Book picks similar to
How It Feels to Be Adopted by Jill Krementz
1-2-3 Magic for Kids: Helping Your Kids Understand the New Rules
Thomas W. Phelan - 2008
Storytelling portions are coupled with copious illustrations to help describe the basic tenets of 1-2-3 Magic—such as positive reinforcement, charting, and the docking system—while a question-and-answer section outlines common situations, including What if I don’t go to my room? Will I still be counted if I have a friend over? and What kinds of things can we do for one-on-one fun? Crossword puzzles, word searches, and journal suggestions further encourage children to apply what they’ve learned about the methods.
Can I tell you about Asperger Syndrome?: A guide for friends and family
Jude Welton - 2003
Adam invites young readers to learn about AS from his perspective. He helps children understand the difficulties faced by a child with AS - he tells them what AS is, what it feels like to have AS and how they can help children with AS by understanding their differences and appreciating their many talents. This illustrated book is ideally suited for boys and girls between 7 and 15 years old and also serves as an excellent starting point for family and classroom discussions.
The Post-Adoption Blues
Karen J. Foli - 2004
While the path to parenting through adoption is rich with rewards and fulfillment, it's not without its bumps. This compassionate, illuminating, and ultimately uplifting book is the first to openly recognize the very normal feelings of stress that adoptive families encounter as they cope with the challenges and expectations of their new families. Where do parents turn when the waited-for bonding with their adopted child is slow to form? When they find themselves grieving over the birth child they couldn't have? When the child they so eagerly welcomed into their home arrives with major, unexpected needs? Until now, adoptive parents have had to struggle silently with their feelings, which can range from flutters of anxiety to unbearable sadness. At last, Karen J. Foli, a registered nurse, and her husband, John R. Thompson, a psychiatrist, lift the curtain of secrecy from "Post Adoption Depression Syndrome" (PADS). Drawing on their own experience as adoptive parents as well as interviews with dozens of adoptive families and experts in the field, the couple offers parents the understanding, support, and concrete solutions they need to overcome post-adoption blues-and open their hearts to the joy adoption can bring.
The Family of Adoption: Completely Revised and Updated
Joyce Maguire Pavao - 1998
Joyce Maguire Pavao uses her thirty years of experience as a family and adoption therapist to explain to adoptive parents, birthparents, adult adopted people, and extended family, as well as to those who work with children professionally the developmental stages and challenges one can expect in the life of the adopted person.The Family of Adoption is truly the most insightful and healing book on the adoption shelf.
Black Baby White Hands: A View from the Crib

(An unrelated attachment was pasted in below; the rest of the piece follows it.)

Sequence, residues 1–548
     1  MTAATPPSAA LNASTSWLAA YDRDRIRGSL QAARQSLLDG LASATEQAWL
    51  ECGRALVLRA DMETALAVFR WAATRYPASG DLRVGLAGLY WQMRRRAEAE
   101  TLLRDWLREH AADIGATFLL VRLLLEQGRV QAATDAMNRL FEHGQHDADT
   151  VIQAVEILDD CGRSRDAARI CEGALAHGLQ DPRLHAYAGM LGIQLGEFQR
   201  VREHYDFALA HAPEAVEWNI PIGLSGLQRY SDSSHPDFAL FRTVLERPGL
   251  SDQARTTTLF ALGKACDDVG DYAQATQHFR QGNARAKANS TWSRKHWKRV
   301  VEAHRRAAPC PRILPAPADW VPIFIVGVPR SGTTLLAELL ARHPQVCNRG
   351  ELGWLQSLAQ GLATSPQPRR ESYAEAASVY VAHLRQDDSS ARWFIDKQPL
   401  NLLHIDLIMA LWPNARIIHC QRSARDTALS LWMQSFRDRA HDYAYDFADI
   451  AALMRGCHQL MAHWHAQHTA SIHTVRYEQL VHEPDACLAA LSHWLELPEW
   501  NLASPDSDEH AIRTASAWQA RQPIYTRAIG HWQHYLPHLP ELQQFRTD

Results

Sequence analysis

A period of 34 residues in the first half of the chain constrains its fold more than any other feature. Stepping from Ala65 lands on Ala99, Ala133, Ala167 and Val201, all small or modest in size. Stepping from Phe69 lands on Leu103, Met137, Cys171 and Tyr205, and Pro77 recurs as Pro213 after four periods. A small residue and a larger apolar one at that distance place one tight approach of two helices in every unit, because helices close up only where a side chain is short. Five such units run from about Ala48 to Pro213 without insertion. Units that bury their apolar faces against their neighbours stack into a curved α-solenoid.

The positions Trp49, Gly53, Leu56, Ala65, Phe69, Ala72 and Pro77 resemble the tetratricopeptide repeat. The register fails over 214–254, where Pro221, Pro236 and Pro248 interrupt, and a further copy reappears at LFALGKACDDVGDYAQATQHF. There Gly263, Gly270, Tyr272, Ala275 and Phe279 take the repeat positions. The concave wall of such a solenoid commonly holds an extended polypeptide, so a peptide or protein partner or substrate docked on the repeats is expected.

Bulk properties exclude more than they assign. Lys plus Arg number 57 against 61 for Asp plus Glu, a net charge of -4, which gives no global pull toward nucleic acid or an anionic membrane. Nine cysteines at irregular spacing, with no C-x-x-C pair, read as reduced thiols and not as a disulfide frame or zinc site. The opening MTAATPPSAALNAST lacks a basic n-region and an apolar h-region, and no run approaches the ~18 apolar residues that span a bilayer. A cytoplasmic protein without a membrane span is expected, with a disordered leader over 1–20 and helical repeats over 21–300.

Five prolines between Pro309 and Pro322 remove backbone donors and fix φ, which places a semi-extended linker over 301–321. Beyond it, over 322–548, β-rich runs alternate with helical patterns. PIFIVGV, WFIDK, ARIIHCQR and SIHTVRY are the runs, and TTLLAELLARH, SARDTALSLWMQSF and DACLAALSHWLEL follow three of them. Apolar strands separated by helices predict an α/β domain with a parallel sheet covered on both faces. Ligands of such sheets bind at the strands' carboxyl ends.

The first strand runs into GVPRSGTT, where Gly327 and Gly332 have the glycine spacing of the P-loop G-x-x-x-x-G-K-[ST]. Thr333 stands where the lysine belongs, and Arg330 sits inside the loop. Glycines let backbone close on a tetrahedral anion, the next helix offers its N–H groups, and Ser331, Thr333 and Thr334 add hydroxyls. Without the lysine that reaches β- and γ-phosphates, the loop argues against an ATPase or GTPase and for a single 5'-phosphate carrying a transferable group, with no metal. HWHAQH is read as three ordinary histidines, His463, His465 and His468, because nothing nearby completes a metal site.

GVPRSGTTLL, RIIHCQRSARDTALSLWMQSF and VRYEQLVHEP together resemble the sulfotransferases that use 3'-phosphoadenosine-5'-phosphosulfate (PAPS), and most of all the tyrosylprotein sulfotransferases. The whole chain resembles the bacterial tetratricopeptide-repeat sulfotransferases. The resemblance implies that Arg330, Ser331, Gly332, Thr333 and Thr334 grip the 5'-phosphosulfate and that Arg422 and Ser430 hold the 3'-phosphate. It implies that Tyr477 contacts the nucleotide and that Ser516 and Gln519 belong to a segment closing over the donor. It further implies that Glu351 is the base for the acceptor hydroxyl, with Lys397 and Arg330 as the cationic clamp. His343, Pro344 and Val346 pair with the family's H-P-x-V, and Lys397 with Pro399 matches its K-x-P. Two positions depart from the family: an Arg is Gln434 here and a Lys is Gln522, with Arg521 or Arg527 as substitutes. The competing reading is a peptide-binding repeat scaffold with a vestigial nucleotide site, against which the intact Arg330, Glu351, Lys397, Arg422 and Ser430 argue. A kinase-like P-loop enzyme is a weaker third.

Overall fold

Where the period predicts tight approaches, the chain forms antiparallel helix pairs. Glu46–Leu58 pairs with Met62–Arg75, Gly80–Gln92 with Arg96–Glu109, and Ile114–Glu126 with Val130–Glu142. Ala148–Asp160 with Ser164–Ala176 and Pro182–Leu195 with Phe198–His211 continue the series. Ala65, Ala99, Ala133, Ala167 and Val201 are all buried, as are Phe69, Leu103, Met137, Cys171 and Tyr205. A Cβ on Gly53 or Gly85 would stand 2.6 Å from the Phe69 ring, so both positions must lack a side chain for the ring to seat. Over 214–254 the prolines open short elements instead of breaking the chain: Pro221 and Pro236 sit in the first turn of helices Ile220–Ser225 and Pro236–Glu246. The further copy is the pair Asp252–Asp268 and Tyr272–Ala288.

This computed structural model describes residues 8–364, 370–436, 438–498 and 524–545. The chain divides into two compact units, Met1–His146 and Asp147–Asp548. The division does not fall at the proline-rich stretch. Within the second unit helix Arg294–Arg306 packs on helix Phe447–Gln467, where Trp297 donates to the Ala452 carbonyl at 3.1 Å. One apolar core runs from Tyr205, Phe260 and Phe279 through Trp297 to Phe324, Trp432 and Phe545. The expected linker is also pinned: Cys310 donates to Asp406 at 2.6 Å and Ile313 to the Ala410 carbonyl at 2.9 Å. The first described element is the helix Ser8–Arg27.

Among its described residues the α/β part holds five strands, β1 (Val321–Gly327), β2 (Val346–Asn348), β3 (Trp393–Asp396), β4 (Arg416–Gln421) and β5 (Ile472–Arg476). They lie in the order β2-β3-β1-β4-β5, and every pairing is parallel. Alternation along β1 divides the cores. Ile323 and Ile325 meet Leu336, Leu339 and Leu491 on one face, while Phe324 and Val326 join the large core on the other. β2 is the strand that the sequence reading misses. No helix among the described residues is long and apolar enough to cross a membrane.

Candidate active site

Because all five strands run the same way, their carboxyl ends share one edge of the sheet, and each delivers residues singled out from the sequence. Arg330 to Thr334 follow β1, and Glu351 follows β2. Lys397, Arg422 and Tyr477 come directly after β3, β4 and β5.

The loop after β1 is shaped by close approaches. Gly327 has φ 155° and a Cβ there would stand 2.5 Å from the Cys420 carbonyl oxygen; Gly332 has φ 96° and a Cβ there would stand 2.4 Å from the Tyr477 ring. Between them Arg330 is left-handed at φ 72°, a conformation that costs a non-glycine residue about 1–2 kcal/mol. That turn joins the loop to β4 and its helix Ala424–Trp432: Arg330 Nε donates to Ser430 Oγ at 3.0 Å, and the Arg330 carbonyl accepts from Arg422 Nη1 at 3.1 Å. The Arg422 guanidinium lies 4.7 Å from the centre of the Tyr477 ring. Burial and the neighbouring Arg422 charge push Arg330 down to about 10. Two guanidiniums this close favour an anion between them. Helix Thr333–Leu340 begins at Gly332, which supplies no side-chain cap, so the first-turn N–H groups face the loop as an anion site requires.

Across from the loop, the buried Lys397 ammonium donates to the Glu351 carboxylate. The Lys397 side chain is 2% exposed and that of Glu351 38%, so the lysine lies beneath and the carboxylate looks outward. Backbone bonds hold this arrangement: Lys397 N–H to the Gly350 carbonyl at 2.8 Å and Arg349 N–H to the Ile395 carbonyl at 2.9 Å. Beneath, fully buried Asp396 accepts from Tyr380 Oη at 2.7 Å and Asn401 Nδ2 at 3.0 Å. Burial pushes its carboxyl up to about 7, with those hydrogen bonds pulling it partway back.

Jaiya John - 2002
It is only three months following the assassination of Martin Luther King, Jr., and the nation is burning. Black and White America are locked in the tense grip of massive change. Into this inferno steps an unsuspecting young White couple. Neither had truly known even a single African American person while growing up. Now, a child will change all of that forever. In this fateful moment, a Black baby becomes perhaps the first in the history of New Mexico to be adopted by a White family. Here is a brazenly honest glimpse into the mind and heart of that child, a true story for the ages that flows like a soulful river-separated from his mother at birth, placed into foster care, adopted, and finally reunited with his biological family in adulthood-an astounding journey of personal discovery. Jaiya John has opened the floodgates on his own childhood with this piercing memoir. Black Baby White Hands, a waterfall of jazz splashing over the rocks of love, pain and the honoring of family. Magically, this book finds a way to sing as it cries, and to exude compassion even as it dispels well-entrenched myths. Destined to become a classic, this stirring account is sure to find itself well worn, stained by tears, and brushed by laughter in the lap of parents, adolescents, educators, students, and professionals. Here comes the rain and the sunshine, all at once.
In on It: What Adoptive Parents Would Like You to Know about Adoption: A Guide for Relatives and Friends
Elisabeth O'Toole - 2010
One adoption professional called 'In On It' "the adoption book for everyone else"--the many individuals who are not adoptive parents themselves but seek information and insights into adoption in order to best show their love and support, positively interact with or provide services to adoptive families.
Building the Bonds of Attachment: Awakening Love in Deeply Troubled Children
Daniel A. Hughes - 2006
This work is a composite case study of the developmental course of one child following years of abuse and neglect. Building the Bonds of Attachment focuses on both the specialized psychotherapy and parenting that is often necessary in facilitating a child's psychological development and attachment security. It develops a model for intervention by blending attachment theory and research, trauma theory, and the general principles of parenting, and child and family therapy. This book is a practical guide for the adult--whether professional or parent--who endeavors to help such children. The second edition of this widely popular book will present the many changes in the intervention model over the past 8 years. These include many changes in both the psychotherapist's and parent's interventions. The attachment history of the adults is made more relevant. There is greater congruence between attachment theory and research and the interventions being demonstrated as well as greater reference to this theory and research.